Higher-Order Thinking and Sound Reasoning

21st Century Learning Effective Communication

High Productivity

Teaming, Collaboration and Interpersonal Skills

Prioritising, Planning and Managing for Results

Personal, Social and Civic Responsibility

Effective Use of Real-World Tools

Interactive Communication

Ability to Produce Relevant, High-Quality Products st

Figure 1: EnGauge (2003) 21 Century Skills for 21st Century Learners Many other such profiles are available, including those presented in the works of Oliva & Treelle (2002), Ouane (2002), Rychen (2002) and Trier (2002). What is known, at this point in time, is that the Information Age is markedly different from eras gone by. This makes it unlikely that past understandings of learning will be sufficient to capture all facets of learning in the 21st century. What we do not have, at this point in time, is a sufficient understanding of what changes may be experienced by learners as a result of new technologies, particularly the Web-based learning environment. Indeed, until we have established, to some degree, a clear and socially shared idea of what changes may have occurred in the learning process and what new capabilities are required, we are limited in our attempts to provide learning experiences which aim to develop them (Lesgold, 2000). Our changing conceptions of the desirable learning competencies for today’s citizens can be considered to have occurred, to some extent, through advancements in technologies such as the Web. There are many facets of the Web which make it a unique environment, unlike any previously available. The Web has allowed an explosion of information to be 3


both distributed to, and readily accessed by, a wide audience. It has allowed global connections and given a voice to amateur and expert alike. Further, it comprises a range of design features which engage learners in markedly different ways from traditional sources and environments. Whilst discussion abounds on the likely effects of specific elements of Web-based technology on learning, there is little in terms of empirical research devoted to understanding the unique ways in which the Web might promote, impede, or fundamentally affect the way in which we learn and the development of related skills. I believe that without a research base which enables some insight into the Web-based environment we will be limited in understanding the abilities of, and difficulties faced by, learners who confidently engage in this environment during times of both formal education and leisure. Indeed, if one views the Web as a cognitive tool then, similar to cognitive tools which have gone before, such as writing implements, printed text and calculators, its impact on current and future generations of learners will be profound. The Web as a Cognitive Tool Cognitive tools support one’s cognitive powers during thinking and learning and these tools evolve as a result of the development of a society. Over time these tools become increasingly valuable within the cultures in which they are utilised (Reeves, et al., 1997). This process of both developing and valuing a cognitive tool is considered two-fold – as one masters the tool, the user or the collective group using the tool, subsequently affect the way it is utilised and further developed (McLellan, 2001; Brown, et al., 1989). Further, it is held that effective use of a cognitive tool is not limited to mastery of its technicalities, but rather, involves engaging the tool to develop one’s cognitive skills in conjunction with developing some awareness of the tool’s impact on society (Rychen, 2002). Thus, a tool such as the Web is not just ‘used’ by the learner, but rather, influences and is influenced by the individual’s actions – similar to other culturally developed tools of the past, it both reflects and affects human development (Glassman, 2001; Salomon & Perkins, 1998).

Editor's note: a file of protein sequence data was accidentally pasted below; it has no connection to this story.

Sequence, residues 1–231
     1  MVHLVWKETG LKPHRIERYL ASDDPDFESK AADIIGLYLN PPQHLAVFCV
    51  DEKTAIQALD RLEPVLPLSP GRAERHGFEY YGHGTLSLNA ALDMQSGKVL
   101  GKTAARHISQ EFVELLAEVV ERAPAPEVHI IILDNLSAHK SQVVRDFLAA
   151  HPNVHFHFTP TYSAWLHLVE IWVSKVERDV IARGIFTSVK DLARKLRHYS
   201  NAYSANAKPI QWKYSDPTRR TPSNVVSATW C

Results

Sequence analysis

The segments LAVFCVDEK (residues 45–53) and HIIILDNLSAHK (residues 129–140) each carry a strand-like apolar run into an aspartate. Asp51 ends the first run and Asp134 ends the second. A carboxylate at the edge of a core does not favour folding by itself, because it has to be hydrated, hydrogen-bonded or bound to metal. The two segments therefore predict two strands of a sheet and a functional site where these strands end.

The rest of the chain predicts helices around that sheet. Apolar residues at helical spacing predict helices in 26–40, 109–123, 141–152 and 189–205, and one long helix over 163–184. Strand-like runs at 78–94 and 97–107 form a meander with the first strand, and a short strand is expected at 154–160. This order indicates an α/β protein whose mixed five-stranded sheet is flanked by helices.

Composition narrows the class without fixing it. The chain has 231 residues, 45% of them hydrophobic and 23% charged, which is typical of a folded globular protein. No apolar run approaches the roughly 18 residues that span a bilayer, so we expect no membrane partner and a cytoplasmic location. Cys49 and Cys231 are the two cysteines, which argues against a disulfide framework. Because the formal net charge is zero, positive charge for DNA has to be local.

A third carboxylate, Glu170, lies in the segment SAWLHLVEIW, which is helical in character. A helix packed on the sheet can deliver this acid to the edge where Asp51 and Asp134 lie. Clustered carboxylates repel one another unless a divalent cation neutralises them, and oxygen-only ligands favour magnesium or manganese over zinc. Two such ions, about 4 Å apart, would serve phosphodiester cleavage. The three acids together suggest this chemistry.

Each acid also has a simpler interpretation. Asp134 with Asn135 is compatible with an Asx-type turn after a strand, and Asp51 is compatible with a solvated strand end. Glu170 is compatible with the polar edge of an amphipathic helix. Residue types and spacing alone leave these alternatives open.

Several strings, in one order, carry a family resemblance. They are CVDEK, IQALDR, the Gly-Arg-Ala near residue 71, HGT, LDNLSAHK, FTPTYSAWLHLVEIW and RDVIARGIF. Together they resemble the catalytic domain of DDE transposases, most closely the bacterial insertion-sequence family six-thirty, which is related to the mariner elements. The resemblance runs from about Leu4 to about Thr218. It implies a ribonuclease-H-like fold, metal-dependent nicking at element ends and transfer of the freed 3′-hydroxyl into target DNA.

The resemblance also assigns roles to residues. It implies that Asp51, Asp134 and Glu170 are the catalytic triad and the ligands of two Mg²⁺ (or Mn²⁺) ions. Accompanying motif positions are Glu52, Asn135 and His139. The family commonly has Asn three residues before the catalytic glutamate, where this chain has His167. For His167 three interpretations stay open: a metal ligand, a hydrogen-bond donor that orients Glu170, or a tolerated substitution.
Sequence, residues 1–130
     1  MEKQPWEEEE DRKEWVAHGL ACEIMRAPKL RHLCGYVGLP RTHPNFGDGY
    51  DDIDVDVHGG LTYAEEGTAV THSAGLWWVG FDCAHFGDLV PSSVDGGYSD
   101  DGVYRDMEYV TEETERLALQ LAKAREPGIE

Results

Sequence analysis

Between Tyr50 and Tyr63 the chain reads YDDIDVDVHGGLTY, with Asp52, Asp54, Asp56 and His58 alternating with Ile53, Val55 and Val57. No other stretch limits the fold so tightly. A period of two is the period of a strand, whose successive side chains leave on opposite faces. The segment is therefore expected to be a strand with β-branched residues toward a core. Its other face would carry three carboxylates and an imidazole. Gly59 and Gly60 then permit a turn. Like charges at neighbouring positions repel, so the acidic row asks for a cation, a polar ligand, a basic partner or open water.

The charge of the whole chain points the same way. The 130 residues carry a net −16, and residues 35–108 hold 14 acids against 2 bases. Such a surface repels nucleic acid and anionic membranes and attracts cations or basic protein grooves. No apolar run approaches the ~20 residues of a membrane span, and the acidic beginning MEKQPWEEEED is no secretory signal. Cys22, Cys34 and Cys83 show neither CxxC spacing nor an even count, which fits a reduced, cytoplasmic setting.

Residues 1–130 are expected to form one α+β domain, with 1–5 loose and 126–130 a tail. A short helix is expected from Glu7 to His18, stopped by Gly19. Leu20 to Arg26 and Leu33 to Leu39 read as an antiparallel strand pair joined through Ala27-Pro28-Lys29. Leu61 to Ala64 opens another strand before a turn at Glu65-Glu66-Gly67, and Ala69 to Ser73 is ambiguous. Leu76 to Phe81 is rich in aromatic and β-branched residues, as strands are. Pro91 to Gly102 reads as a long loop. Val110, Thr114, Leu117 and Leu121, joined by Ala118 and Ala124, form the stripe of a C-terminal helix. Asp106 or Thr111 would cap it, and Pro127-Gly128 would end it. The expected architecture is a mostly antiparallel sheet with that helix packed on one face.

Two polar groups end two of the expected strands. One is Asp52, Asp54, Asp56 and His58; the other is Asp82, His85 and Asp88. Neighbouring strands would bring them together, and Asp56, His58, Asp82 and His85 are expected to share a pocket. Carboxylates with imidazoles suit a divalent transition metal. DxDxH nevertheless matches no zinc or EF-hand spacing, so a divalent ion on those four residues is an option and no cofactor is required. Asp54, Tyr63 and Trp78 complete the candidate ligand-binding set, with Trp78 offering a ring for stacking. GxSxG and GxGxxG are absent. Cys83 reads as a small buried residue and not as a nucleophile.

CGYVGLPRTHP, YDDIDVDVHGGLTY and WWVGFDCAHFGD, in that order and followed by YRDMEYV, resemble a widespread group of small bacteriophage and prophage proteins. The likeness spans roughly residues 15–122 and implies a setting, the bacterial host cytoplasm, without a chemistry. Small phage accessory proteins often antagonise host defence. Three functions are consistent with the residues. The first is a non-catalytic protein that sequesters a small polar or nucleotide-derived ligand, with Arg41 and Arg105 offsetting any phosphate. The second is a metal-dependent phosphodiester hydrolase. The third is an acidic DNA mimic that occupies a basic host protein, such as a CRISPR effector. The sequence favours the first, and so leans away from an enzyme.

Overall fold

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Although not the focus of this paper, I highlight the numerous aspects of the web which promote it as a unique tool which has the potential to significantly impact upon our current and future generations. These could broadly be categorised into six areas: (1) demands on human senses; (2) changes to communicative processes; (3) issues of information distribution, access and retrieval; (5) quality and quantity of available information; (5) changes to the research process, and (6) levels of interactivity and learner control. I have positioned the Web as a culturally valued cognitive tool with, I believe, real potential to transform learning and, indeed, the learner who is a competent and regular user. In order to study this potential impact I was desirous to establish a strong theoretical position which would enable exploration and analysis of this complex and unique learning situation from many angles.

During this process I was subsequently

drawn to three theories and the integration of these theories underpins my work in this area. The three theories in question are Situated Cognition, Distributed Cognition and Activity Theory. In what follows I provide a brief overview of each of these theories, particularly highlighting their relevance to my current research study. Conceptual Theoretical Framework This integrated framework evolved as a direct result of my desire to capture the complex nature of learning through several fundamental components – society, environment, tool, activity and individual, and more specifically to: (a)

investigate the learning which occurs both intentionally and inadvertently as a result of Web-based activity;

(b)

identify whether young Web-based learners were acquiring or exhibiting skills which may or may not be recognised in the current literature on lifelong learner competencies.